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How can I find the sum of this series?

I was just thinking how I could find the sum of this series: \(\frac { 1 }{ 2 } +\frac { 1 }{ 3 } +\frac { 1 }{ 4 } +...+\frac { 1 }{ 100 } \) Could someone help me?

Note by Shashank Rammoorthy
1 year, 8 months ago

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wikipedia provides a method which gives approximately the exact value.

\(\large{\displaystyle \sum_{n=1}^{k} \frac{1}{n}=\ln(k)+\gamma+\frac{1}{2k}}\) where \(\gamma=0.5772\) and is the euler mascheroni constant.

the required sum is \(\large{\displaystyle \sum_{n=1}^{100} \frac{1}{n}-1=\ln(100)+0.5772+0.005-1=\boxed{4.187}}\) Tanishq Varshney · 1 year, 8 months ago

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@Tanishq Varshney Actual answer correct to \(13\) decimal places: \(\large{\boxed{4.1873775176396}}\). :D :D Satyajit Mohanty · 1 year, 8 months ago

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To find approximate values, check Tanishq's comment.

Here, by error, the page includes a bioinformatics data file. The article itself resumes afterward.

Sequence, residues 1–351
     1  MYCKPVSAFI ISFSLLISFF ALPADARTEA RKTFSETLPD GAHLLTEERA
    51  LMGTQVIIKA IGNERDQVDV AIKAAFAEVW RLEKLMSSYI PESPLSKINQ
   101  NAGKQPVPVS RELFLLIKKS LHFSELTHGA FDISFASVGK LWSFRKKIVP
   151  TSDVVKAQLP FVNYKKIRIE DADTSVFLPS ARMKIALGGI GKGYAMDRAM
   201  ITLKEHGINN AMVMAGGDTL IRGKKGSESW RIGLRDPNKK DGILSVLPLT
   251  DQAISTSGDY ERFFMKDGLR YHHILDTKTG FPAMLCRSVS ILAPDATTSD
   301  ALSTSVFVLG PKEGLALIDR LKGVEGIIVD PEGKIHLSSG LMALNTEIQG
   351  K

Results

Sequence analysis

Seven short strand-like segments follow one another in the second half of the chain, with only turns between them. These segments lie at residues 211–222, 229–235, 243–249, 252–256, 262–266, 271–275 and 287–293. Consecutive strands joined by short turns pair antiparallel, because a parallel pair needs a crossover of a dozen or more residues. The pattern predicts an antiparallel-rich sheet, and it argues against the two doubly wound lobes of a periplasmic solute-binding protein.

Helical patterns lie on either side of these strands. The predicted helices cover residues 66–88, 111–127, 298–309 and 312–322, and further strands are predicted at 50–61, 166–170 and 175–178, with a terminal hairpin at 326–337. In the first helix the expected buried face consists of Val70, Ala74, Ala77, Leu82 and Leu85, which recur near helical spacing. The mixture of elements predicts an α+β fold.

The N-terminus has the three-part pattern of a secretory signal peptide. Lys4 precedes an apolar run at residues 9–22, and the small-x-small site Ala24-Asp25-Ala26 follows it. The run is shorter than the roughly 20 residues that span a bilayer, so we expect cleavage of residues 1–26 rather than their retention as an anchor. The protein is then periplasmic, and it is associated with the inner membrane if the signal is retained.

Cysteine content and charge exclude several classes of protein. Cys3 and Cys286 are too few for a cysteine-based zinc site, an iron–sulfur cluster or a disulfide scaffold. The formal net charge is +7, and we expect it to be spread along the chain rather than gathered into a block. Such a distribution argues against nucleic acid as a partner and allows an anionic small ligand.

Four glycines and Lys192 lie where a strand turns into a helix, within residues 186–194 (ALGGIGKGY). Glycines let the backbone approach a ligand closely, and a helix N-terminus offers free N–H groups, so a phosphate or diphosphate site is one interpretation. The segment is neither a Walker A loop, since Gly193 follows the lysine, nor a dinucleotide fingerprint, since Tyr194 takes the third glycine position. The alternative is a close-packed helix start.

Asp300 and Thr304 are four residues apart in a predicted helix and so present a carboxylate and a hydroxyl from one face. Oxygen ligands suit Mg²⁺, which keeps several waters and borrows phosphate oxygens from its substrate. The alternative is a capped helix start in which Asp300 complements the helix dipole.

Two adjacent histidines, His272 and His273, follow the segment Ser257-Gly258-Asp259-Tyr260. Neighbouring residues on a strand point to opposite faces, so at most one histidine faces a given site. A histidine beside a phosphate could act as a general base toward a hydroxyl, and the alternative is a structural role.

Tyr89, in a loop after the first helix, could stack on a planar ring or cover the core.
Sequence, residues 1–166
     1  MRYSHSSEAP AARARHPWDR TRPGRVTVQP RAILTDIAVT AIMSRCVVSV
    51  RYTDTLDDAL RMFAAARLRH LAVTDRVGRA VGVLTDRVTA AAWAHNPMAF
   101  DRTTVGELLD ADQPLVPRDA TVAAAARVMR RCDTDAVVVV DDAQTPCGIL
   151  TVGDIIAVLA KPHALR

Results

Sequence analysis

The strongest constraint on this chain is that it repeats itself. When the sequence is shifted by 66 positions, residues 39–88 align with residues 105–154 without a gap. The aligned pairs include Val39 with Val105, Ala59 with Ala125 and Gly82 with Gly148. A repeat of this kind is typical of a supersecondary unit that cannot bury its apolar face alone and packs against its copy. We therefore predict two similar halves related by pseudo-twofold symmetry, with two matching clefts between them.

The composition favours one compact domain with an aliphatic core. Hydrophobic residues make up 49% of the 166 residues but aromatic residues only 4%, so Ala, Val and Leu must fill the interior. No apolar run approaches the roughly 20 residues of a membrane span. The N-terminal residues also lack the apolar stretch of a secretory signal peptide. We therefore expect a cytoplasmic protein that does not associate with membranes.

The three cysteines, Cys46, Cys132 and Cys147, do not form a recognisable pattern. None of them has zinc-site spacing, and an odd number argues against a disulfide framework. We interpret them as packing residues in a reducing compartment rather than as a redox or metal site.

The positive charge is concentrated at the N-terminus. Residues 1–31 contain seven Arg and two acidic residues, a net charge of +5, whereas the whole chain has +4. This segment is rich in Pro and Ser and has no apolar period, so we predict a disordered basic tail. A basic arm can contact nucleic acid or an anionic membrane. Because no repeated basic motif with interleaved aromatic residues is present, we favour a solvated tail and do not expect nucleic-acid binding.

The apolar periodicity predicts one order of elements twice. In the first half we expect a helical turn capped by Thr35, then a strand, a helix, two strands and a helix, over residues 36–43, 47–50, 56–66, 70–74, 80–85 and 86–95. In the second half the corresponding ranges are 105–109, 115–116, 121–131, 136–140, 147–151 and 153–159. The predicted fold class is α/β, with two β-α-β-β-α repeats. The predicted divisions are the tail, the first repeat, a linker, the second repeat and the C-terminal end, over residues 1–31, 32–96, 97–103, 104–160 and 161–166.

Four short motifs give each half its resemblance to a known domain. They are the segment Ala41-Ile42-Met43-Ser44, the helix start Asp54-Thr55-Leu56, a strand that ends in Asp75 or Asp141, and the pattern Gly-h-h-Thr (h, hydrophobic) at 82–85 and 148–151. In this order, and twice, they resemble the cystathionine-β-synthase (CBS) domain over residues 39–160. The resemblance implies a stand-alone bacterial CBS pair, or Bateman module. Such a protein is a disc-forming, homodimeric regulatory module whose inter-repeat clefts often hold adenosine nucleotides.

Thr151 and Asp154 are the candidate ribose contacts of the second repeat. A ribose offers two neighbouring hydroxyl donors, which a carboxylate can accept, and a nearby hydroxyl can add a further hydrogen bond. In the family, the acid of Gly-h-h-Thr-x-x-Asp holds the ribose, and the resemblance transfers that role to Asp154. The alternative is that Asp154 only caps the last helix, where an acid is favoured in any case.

There's no other way to find exact values except using Calculators! Else, you can do this:

\[\dfrac{1}{2} + \dfrac{1}{3} + \dfrac{1}{4} + \ldots + \frac{1}{100} = \dfrac{\left( \frac{100!}{2} + \frac{100!}{3} + \frac{100!}{4} + \ldots + \frac{100!}{99} + \frac{100!}{100} \right) }{100!} = \dfrac{11677821270331852073640165685691639305439}{2788815009188499086581352357412492142272}\]

Fact:

\[\dfrac{1}{2} + \dfrac{1}{3} + \dfrac{1}{4} + \ldots (\text{ upto }\infty) = \infty\] Satyajit Mohanty · 1 year, 8 months ago

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ln 101 Ashish Agarwal · 1 year, 8 months ago

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@Ashish Agarwal To know how that is an approximation, consider: \[\int _{ 1 }^{ n }{ \frac { 1 }{ x } } dx\] Julian Poon · 1 year, 8 months ago

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